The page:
Old- World Survivals in Ross-shire. 381
Rory looked at me in a knowing way he affects sometimes, and somehow the conversation drifted into reminiscent yarns of smugglers and their doings, stills, mountain dew, and gaugers. Our district is rather a favourite hunting-ground of these latter gentry, and the stories told of their exploits and how they have been outwitted are legion. But that is "another story."
To return to the fairies. Though no longer visible to our wise eyes, they are most emphatically there ! If not, why does the milkmaid always spill a little drop of each milking as an offering for the little folks ? Why does the housewife leave a little meal on her baking-board for the fairies? Why are all the newly-born babies bathed in Uisge Or, if there were no fairies to steal them and leave in their stead fairy changelings ? strange, unsatisfactory little beings who never thrive, who are always wizened and elfish-looking, and who finally die. Why, even yet I have a vague uncanny feeling in passing the fairy hillock which in childhood I used to scurry past with bated breath and beating heart, if by any chance I happened to pass it at night, dreading to look lest I should see crowds of pursuing elves after me. One young fellow I know, solemnly declared to me the other day that nothing would induce him to walk past Cnoc-na-Sith (hill of the fairies) at mid- night. To be precise, what he really said was, I wouldn't take a thousand pounds to pass there at twelve o'clock at night." I hope he will never hear that I gave him away so shockingly. To be sure, the Cnoc in question is a weird eerie place, a round hillock rising abruptly out of the moor- land, just the sort of place that fairies do love, miles away from anywhere. From time immemorial it has been re- garded as haunted.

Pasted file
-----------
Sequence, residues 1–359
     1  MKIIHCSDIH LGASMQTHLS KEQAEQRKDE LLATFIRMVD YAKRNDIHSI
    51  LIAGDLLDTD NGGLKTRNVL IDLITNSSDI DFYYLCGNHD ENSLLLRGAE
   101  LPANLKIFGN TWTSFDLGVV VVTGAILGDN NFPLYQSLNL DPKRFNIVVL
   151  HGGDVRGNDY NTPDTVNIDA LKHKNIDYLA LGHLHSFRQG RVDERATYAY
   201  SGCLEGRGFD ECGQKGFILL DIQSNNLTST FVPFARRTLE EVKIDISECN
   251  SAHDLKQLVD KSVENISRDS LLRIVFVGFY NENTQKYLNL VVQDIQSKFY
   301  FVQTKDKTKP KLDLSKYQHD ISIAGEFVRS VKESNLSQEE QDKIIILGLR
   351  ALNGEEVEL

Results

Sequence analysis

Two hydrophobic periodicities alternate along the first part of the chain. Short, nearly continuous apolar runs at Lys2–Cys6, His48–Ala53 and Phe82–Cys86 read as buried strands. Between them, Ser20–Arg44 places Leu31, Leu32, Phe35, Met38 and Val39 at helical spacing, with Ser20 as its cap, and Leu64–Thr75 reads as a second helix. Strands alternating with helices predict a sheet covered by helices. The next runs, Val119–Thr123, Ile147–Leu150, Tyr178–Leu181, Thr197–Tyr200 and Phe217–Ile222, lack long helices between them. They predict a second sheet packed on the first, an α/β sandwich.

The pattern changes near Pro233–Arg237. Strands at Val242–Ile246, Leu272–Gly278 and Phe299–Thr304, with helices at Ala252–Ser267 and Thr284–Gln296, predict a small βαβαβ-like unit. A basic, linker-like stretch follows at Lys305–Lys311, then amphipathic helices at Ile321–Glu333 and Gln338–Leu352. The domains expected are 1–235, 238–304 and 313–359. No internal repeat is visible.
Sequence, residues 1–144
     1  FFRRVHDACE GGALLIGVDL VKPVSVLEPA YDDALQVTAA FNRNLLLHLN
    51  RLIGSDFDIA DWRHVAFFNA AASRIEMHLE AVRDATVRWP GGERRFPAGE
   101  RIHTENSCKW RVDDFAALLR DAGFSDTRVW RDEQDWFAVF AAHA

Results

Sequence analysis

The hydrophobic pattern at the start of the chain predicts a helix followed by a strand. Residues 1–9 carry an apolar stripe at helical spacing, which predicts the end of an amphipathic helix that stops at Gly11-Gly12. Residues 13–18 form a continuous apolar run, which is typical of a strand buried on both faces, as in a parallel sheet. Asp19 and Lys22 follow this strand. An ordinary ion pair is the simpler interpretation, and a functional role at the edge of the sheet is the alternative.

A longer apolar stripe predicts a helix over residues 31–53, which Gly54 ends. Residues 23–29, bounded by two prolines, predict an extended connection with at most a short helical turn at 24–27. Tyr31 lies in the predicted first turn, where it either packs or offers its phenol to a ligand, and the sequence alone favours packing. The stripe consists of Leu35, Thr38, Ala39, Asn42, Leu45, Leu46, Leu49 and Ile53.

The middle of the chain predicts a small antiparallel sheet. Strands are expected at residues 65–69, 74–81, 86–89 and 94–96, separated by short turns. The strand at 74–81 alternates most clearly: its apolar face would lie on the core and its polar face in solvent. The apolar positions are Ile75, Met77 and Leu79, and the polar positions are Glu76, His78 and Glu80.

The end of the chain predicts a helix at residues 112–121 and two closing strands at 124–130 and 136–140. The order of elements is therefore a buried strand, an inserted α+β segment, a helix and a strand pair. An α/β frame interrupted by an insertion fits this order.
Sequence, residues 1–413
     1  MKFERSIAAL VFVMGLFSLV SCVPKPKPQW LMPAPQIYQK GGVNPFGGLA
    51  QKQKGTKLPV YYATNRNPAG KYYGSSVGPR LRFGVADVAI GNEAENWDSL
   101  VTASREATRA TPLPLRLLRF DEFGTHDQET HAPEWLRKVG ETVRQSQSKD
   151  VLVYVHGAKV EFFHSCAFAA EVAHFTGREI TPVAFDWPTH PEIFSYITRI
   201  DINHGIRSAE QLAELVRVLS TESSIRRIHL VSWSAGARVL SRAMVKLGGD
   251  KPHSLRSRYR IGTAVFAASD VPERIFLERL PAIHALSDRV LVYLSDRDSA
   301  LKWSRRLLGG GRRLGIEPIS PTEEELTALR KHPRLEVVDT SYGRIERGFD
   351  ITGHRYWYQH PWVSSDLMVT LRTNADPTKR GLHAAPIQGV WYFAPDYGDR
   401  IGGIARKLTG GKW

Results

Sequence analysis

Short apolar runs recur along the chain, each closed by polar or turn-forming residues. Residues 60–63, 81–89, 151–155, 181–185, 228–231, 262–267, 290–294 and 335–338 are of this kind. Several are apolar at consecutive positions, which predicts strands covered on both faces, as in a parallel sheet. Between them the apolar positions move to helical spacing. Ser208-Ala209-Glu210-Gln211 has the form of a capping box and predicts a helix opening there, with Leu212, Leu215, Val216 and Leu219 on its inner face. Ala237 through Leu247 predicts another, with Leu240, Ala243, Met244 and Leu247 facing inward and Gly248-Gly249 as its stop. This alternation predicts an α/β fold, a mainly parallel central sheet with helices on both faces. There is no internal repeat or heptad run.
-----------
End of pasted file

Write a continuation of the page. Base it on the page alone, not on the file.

Perhaps one of the quaintest of old-world customs which still survives in some out-of-the-way places is the prepara- tion of the Struan Michael, or cakes sacred to the celebration of Michaelmas Day It is more peculiarly a